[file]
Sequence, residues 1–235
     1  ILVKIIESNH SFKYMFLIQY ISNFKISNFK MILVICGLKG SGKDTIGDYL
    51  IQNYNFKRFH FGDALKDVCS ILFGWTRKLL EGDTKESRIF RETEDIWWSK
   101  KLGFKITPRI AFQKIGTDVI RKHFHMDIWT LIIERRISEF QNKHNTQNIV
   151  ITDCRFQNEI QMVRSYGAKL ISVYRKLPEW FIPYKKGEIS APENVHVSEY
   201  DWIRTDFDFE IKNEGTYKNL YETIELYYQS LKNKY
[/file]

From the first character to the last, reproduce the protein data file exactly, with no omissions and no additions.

Sequence, residues 1–235
     1  ILVKIIESNH SFKYMFLIQY ISNFKISNFK MILVICGLKG SGKDTIGDYL
    51  IQNYNFKRFH FGDALKDVCS ILFGWTRKLL EGDTKESRIF RETEDIWWSK
   101  KLGFKITPRI AFQKIGTDVI RKHFHMDIWT LIIERRISEF QNKHNTQNIV
   151  ITDCRFQNEI QMVRSYGAKL ISVYRKLPEW FIPYKKGEIS APENVHVSEY
   201  DWIRTDFDFE IKNEGTYKNL YETIELYYQS LKNKY